Bank Customers’ Lifetime Value
Jeffrey P. Marsico
*This article was originally published on jeff4banks.com on July 3, 2021*
Who are your target customers? Answer: XYZ
Why are they your target customers? Answer: They are our most profitable customers.
May I see your profitability reports that show this? Answer: *crickets*
Is “most profitable” the right answer? Aside from my skepticism that the financial institution actually calculates who their most profitable customers are. But in doing profitability reporting for decades, I feel comfortable saying that most commercial-focused financial institutions’ most profitable customers are commercial real estate investors. Not small mom-and-pop real estate investors. The ones with the big balances.
Targeting them would likely yield a very profitable bank. But would it be a valuable bank? It is highly competitive in the large commercial real estate space. Not only are there community financial institutions chasing that business, but large banks, conduits, insurance companies, loan brokers, etc. The competition is, well, not very “blue ocean” like (compete where the competition isn’t).
I’m not down on commercial real estate. Any balanced balance sheet should have its fair share of investor CRE to boost profits. But to boost value, I ask again, who are your target customers?
In comes what experts deem “lifetime value” (LTV). Can we categorize, and generalize, customer segments to predict what segment delivers the greatest LTV? Because if we consider spot profitability, we should target CRE. It is likely the reason why so many bank balance sheets have concentrations in this product.
Let’s take a doppelganger customer segment: Recent college graduates with high earnings potential. We’re not talking philosophy majors here. I already have enough of them fumbling my coffee order. I’m talking the docs, engineers, accountants, cyber security, et al. The customers that SoFi targeted out of the gate.
See the table below for our recent engineering major grad, who is working as a junior engineer for an environmental engineering firm. Four years after becoming our bank’s customer, he/she breaks out on his/her own.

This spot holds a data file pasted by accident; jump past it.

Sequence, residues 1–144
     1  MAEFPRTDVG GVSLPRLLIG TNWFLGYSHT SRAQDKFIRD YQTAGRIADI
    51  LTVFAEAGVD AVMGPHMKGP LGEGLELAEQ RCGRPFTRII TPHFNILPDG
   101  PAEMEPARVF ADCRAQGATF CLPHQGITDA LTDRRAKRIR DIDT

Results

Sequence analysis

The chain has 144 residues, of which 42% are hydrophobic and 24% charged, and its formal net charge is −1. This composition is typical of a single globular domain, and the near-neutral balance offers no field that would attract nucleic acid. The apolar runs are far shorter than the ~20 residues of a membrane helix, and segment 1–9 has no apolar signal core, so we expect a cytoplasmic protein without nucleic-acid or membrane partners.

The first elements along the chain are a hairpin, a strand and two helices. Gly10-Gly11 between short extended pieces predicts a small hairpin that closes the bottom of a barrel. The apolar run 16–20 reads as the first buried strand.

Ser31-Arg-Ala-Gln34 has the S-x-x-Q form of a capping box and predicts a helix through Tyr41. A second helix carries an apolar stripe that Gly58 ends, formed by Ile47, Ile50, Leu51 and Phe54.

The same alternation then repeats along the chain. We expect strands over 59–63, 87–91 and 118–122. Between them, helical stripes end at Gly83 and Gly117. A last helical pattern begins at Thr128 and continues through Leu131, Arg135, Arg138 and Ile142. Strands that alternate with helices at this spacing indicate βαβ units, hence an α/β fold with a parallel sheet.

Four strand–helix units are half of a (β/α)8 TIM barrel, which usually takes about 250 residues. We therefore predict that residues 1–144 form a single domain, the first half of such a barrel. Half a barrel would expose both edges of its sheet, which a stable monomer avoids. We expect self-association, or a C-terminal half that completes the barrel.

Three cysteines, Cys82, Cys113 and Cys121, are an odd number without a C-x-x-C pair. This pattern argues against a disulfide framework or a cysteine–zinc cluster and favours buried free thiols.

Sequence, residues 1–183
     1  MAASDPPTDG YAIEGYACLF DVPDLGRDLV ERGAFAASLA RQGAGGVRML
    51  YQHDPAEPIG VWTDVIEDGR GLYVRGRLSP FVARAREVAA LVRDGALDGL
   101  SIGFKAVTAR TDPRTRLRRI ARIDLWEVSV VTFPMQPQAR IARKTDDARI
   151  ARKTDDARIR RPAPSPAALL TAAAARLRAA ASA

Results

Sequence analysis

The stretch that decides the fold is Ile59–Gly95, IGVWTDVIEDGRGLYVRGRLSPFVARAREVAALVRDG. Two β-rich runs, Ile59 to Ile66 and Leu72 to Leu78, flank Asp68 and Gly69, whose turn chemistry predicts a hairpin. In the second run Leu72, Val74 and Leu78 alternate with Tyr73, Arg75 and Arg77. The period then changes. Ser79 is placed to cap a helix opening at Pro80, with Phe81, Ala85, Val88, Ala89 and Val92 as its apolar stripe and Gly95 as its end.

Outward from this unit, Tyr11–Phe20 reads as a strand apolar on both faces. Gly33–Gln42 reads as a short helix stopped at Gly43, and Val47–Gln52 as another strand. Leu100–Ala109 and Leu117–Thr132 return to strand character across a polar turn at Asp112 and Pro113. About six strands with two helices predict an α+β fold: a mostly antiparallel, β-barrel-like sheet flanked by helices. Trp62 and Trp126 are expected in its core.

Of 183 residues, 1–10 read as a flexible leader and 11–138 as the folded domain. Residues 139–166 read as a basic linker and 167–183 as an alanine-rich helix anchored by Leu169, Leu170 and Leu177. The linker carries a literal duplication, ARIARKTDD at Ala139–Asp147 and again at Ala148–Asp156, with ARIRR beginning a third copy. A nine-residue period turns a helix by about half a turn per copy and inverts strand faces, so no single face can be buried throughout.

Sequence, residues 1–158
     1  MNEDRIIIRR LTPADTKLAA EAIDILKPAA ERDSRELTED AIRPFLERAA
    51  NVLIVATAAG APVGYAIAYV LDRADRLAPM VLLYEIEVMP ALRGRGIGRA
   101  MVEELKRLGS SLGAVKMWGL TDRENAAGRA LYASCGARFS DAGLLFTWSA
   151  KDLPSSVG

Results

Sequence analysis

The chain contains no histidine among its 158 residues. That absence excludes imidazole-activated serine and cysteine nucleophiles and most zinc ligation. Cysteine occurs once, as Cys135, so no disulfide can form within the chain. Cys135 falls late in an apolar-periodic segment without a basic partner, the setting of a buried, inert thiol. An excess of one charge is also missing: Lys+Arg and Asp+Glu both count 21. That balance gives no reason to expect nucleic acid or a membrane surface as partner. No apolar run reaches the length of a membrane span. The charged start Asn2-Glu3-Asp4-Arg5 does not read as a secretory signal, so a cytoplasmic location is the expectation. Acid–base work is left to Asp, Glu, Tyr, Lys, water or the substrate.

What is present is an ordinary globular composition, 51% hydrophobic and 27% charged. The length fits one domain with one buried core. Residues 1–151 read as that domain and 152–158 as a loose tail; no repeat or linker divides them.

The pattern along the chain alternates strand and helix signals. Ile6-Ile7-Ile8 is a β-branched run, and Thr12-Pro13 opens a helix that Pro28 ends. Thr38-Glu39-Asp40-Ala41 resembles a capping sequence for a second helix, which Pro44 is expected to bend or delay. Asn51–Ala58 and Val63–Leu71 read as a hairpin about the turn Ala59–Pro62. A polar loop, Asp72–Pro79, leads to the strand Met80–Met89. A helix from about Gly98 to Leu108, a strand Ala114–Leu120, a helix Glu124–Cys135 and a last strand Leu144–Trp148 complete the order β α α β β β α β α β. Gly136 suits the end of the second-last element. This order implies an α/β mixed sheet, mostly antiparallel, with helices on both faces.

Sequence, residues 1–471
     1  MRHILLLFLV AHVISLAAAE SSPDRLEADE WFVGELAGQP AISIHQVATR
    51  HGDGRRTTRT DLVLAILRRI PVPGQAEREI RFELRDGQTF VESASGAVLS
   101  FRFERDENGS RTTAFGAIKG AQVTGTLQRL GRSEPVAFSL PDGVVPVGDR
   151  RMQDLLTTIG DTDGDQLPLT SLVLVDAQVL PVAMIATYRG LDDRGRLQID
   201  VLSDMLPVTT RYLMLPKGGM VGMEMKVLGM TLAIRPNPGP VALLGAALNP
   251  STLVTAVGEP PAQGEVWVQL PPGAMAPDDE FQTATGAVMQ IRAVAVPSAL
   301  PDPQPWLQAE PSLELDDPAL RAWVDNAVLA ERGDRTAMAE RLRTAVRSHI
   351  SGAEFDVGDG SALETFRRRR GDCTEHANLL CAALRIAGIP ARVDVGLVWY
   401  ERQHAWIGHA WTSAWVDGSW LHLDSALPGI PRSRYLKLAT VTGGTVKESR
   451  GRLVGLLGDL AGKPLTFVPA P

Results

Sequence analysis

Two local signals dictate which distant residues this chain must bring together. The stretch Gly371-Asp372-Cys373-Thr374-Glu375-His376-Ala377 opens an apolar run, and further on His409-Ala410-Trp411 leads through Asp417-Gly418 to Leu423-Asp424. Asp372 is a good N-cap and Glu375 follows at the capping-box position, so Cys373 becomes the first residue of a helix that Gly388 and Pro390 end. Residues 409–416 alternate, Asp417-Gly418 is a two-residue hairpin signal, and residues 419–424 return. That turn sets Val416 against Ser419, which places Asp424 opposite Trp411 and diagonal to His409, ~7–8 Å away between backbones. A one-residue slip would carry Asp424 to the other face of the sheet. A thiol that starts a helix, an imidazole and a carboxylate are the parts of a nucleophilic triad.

As you can see, the Total LTV in the top table shows a pretty profitable customer, and likely customer segment. But if you look at the spot profitability in Year 1 of the bottom table, our doppelganger customer doesn’t look so attractive. Profits actually decrease in years two and three. THIS is why estimating LTV of identifiable customer segments is so important to strategic decision making in financial institutions. Not only must we calculate LTV by segment, but we must also compare to external data to ensure there are enough of these “households” in our markets so we can build critical mass.
There are business models that span the country for their targeted customer segments. In addition to the already mentioned SoFi, Live Oak Bank comes to mind. They started as an SBA shop focused on business segments that were recession proof, like dentists and veterinarians. And searched the entire country for them.
Most of us are geographic focused. But that doesn’t mean we shouldn’t build our infrastructure: the people, technology, and physical locations, to differentiate ourselves with those customer segments that deliver superior LTV and are in abundant supply in the markets we choose to serve.
Do you calculate LTV?
And don’t forget my book: Squared Away-How Can Bankers Succeed as Economic First Responders.
Ten percent of author royalties go to K9sForWarriors.org, who work to bring down the suicide rate among our veterans.